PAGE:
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Mares are not the major emphasis in the fall since they have performed their task of foaling, lactating and being re-bred. After foals are weaned, most breeders tend to focus on weanlings and yearlings that are being prepared for shows, sales and/or performance in the case of long yearlings. Fall management of broodmares is far more critical than some breeders realize and can directly impact foaling and re-breeding successes next year.

Happs Plowing A Chance to Share

Happ’s Plowing: A Chance to Share

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Dinnertime rolled around before we could get people and horses off the field so that results of judging could be announced. I learned a lot that day, one thing being that people were there to share; not many took the competition side of the competition very seriously. Don Anderson of Toledo, WA was our judge — with a tough job handed to him. Everyone was helping each other so he had to really stay on his toes to know who had done what on the various plots.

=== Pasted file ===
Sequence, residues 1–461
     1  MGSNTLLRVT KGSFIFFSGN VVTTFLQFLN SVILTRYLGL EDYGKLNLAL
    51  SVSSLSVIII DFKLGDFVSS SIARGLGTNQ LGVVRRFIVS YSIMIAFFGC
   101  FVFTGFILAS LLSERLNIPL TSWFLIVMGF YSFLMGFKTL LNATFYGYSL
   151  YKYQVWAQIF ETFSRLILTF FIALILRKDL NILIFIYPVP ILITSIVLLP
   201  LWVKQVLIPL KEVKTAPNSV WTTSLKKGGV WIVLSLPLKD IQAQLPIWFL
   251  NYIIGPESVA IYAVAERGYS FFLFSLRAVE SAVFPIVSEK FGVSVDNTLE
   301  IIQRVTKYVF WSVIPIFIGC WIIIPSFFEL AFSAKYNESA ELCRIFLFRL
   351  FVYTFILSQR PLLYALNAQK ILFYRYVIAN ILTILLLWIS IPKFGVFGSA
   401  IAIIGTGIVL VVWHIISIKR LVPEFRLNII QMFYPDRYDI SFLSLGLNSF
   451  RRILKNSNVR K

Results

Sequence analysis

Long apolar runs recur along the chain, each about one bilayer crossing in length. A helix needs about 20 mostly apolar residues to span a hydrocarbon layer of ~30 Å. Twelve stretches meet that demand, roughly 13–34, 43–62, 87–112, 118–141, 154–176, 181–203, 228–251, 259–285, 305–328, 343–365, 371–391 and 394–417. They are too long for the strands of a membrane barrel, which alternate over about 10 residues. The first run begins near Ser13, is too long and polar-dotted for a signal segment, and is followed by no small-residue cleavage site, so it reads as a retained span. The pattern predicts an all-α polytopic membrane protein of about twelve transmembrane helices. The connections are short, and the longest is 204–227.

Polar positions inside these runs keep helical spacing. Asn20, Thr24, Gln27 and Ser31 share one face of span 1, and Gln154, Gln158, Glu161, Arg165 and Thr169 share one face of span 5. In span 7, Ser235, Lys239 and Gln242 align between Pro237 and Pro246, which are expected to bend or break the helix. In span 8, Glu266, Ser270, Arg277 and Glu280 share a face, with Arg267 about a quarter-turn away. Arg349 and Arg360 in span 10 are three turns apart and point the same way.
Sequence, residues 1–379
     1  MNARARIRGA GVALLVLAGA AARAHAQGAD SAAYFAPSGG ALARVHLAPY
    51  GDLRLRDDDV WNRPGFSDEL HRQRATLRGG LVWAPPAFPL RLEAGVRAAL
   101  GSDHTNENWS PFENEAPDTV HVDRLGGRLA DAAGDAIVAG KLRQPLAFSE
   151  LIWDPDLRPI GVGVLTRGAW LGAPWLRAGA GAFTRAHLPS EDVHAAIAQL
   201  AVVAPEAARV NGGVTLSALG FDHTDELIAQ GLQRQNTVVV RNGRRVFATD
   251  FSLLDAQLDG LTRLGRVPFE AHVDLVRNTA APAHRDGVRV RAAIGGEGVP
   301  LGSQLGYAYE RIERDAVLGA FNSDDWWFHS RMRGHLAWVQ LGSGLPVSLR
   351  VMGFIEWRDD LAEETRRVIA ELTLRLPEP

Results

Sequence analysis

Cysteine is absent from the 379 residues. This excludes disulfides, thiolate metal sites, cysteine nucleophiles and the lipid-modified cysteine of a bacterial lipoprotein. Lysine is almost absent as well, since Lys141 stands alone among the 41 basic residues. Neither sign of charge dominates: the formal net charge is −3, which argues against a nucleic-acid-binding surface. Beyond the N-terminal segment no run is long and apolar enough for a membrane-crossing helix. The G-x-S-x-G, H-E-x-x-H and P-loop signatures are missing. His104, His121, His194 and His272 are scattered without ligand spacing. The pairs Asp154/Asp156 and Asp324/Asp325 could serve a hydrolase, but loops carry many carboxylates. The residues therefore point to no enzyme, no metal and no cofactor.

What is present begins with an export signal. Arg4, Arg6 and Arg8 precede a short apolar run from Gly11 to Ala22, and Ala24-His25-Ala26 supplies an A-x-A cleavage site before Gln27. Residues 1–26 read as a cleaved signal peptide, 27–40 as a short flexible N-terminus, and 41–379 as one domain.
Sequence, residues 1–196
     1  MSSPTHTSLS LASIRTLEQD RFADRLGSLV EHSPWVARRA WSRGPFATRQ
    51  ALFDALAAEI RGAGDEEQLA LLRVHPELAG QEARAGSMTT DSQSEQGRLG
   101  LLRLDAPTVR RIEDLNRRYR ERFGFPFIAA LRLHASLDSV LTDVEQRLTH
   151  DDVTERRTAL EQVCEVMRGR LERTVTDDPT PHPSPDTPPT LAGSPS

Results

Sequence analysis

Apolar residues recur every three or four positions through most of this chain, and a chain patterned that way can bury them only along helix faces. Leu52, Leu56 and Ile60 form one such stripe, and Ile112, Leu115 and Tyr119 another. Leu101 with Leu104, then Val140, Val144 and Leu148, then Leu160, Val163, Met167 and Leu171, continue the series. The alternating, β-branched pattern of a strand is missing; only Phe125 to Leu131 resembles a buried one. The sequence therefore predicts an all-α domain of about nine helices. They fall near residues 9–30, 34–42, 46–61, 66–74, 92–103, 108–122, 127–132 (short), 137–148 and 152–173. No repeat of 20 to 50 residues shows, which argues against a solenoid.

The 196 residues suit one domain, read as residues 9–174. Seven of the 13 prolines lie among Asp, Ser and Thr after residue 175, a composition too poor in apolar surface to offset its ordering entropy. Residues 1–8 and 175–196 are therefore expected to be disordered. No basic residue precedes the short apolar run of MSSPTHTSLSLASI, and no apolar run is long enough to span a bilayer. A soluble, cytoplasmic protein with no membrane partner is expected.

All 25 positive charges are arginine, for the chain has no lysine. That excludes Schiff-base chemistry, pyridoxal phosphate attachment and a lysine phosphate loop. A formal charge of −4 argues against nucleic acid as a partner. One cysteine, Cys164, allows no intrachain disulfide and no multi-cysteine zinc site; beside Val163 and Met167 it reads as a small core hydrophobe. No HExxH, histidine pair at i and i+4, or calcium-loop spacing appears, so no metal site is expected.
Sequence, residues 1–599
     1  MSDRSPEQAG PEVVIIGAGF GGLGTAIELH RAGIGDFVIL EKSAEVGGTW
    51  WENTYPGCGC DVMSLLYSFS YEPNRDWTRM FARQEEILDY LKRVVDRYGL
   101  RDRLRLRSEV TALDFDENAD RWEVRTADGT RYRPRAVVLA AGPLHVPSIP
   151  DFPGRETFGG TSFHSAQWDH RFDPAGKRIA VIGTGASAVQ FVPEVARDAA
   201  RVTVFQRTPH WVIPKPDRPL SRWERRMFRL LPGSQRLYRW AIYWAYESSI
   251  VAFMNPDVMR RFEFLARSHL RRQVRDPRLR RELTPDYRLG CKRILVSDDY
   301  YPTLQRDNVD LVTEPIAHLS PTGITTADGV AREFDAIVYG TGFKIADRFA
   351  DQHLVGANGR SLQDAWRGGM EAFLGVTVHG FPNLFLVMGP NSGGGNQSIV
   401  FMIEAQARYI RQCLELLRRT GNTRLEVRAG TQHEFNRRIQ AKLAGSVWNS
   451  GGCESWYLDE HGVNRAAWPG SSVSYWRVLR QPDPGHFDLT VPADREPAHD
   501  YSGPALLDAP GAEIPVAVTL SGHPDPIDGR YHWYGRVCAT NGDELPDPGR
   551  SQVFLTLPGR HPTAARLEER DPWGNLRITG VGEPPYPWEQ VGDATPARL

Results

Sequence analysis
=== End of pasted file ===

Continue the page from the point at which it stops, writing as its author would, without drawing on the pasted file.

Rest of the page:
Littlefield Notes Making Your Horses Work For You Part 2

LittleField Notes: Making Your Horses Work For You Part 2

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Every beginning horse farmer at some point will find himself in need of procuring that first team. After land, this is certainly one of the most critical purchasing decisions you will make in the development of the farm. The animals you choose can make your farming glow and hum with moments of blissful certainty, or contribute to frustration, bewilderment, loss of resolve, and God forbid, horses and people hurt and machines wrecked.

A Greenhorn Tries Draft Horses